A 21-year-old Natick man has pled guilty to being drunk and in the process of texting on his cell phone at about 2 a.m. July 20, 2013, when his SUV collided with a pole – killing his 24-year old friend in the passenger seat.
Jason Seelye was indicted by a Norfolk County Grand Jury in 2013 for felony Motor Vehicle Homicide while Operating Under the Influence and Operating Negligently, Negligent Operation Causing Injury while using a Mobile Phone, and two civil infractions: Sending or Receiving an Electronic Message While Driving and Failure to Keep Marked Lanes.
The crash occurred in the vicinity of 364 Main St. When Norfolk officers arrived, Seelye’s SUV was blocking the eastbound traffic lane. Witnesses were performing chest compressions and attempting to save the life of passenger Daniel Pinnick, who was just 24 years old and a resident of Randolph. Pinnick was transported by the Norfolk Fire Department to a waiting MedFlight medical evacuation helicopter. He later died of his injuries at the UMASS Medical Center in Worcester.
The defendant, who was 20 at the time of the crash, took a breath test at the Norfolk Police Station which registered a .11, above the legal limit. The defendant admitted to officers that he had been drinking and using marijuana earlier in the evening. Witnesses at the scene reported seeing Seelye throwing items including empty bottles from his vehicle after the crash, while bystanders worked to keep Pinnick alive.
Seelye, who was not of legal age to drink the night of the crash, stated that he was supposed to have been the designated driver that evening, but became intoxicated instead.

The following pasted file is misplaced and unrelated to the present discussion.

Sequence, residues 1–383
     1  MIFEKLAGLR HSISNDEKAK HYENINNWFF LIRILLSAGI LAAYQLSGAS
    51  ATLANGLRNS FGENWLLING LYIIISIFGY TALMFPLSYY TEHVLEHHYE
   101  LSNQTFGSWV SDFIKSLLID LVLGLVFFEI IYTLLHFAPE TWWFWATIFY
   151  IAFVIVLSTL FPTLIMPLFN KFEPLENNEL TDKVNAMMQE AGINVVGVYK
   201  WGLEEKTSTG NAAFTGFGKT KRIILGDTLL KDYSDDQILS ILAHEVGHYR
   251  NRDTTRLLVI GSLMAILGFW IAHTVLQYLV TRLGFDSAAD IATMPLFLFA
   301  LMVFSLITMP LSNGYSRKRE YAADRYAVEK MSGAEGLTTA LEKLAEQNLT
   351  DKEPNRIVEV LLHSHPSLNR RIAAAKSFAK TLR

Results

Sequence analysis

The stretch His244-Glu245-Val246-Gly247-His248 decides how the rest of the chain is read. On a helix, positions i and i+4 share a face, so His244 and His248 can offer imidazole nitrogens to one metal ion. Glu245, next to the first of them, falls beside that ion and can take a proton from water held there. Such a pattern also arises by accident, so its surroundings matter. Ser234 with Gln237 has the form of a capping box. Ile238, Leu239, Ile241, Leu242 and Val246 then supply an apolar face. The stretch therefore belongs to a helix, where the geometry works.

“Assistant District Attorney Debi Curley asked for three to five years in State Prison for this crime, followed by five years of probation with strict conditions,” District Attorney Michael W. Morrissey said after the defendant admitted his guilt to Judge Kenneth Fishman at Norfolk Superior Court on April 14.
The Court sentenced him to 2 1/2 years in the House of Correction followed by five years probation. During that time, he cannot drive, must abstain from drugs and alcohol, have no contact with the victim’s family and adhere to other restrictions on his freedom. “We thank the Norfolk Police Department and the State Police Collision Analysis and Reconstruction Section for their work in this investigation.”
The District Attorney extended his sympathy to the victim’s surviving family.
“This was an absolutely needless death,” Morrissey said. “Parents, teachers, law enforcement, we all warn how dangerous it is to text and drive, how dangerous it is to drink and drive. But in the end, the individual has to heed those warnings. When they don’t, too often we see preventable tragedies like this.”
Submitted by the Norfolk District Attorney's Office.